SCORE

Businesses need mission statements to tell the public and especially their customers what it is the business does. If the customer is not sure of the product or service you deliver, they can hardly be expected to feel a need to seek it. Mission statements are also useful in making sure that staff and employees act in concert to deliver the goods and services for which their company exists. Without a mission statement, employees act independently and may not deliver what is expected and at the very least will experience difficulties working as a team. They become their own competition. In an already competitive environment, it is pointless to lose productivity to internal competition.

But what goes into a mission statement? It is important to realize that the statement is just that, a short concise mantra and not a manifesto. The statement should be recitable and short enough to fit on the plaque that will sit on your desk. Two major mistakes often doom a business’s effort to create its mission statement. The first mistake is made when the mission statement is not written down or recorded somewhere. Too often the owner keeps it in his or her head. Unfortunately, this leaves the business owner as the only one who truly knows what it is the business does. The mission statement needs to be a written statement that appears everywhere possible and is part of the branding message of the business. It needs to be known by and understood by the employees of the company and certainly the business’s customers. The second major mistake is making the mission statement so long that it cannot be remembered. You do not want your employees looking it up every time they are asked to state it. It is short and concise, not more than a sentence or two. This is not your elevator speech but rather a statement that makes me willing to listen to your elevator speech.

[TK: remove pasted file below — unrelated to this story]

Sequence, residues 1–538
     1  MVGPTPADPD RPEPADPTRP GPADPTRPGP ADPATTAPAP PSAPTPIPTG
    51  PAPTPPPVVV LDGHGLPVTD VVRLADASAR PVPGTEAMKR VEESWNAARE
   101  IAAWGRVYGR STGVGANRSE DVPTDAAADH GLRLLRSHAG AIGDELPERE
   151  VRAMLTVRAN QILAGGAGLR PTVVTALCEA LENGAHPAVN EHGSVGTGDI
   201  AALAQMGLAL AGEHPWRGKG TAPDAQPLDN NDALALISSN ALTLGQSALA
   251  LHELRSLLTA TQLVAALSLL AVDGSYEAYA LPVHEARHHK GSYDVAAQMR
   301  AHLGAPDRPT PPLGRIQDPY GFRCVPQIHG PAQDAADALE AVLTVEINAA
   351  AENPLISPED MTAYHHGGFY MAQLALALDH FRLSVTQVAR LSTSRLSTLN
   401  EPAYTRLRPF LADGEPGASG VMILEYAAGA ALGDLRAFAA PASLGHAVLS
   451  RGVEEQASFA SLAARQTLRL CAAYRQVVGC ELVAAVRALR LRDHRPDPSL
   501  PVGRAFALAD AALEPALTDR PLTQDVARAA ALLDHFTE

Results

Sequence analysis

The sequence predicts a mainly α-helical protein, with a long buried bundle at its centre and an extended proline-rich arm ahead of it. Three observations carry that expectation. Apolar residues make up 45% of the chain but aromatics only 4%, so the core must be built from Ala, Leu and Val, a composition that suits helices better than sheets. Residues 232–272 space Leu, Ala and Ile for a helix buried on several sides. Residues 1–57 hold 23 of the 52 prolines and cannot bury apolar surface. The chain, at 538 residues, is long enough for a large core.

Because it needs to be short and concise, the wording is important. Your mission statement should give me the information I need to determine if your service or product is the solution to my need. A photo studio’s mission statement might read as follows: “We take really good pictures that capture the moments you’ll remember”. Not bad but, with a little tweaking: “We produce the photos of the memories you create”. Or maybe a pizza delivery service’s mission statement, “Hot, fast, and tasty delivered right to your front door”. This makes for a good slogan but not necessarily a great mission statement. How about this instead? “Our mission is to make YOUR pizza match YOUR order every time and with no cost delivery”. Many pizza places can promise the first statement, but what sets the second business apart is the attention to detail and the personalizing effect of calling it the customer’s pizza. After all, they are the ones paying for it and eating it.

Mission statements tell me What your business does but there is also the How and Why your business does what they do. In my next article, I will write about the vision statement and why it is even more critical than your mission statement. Stay tuned.

Written by Kenneth Wundrow, Certified SCORE Mentor

Mission Statements - Who Needs Them? by Kenneth Wundrow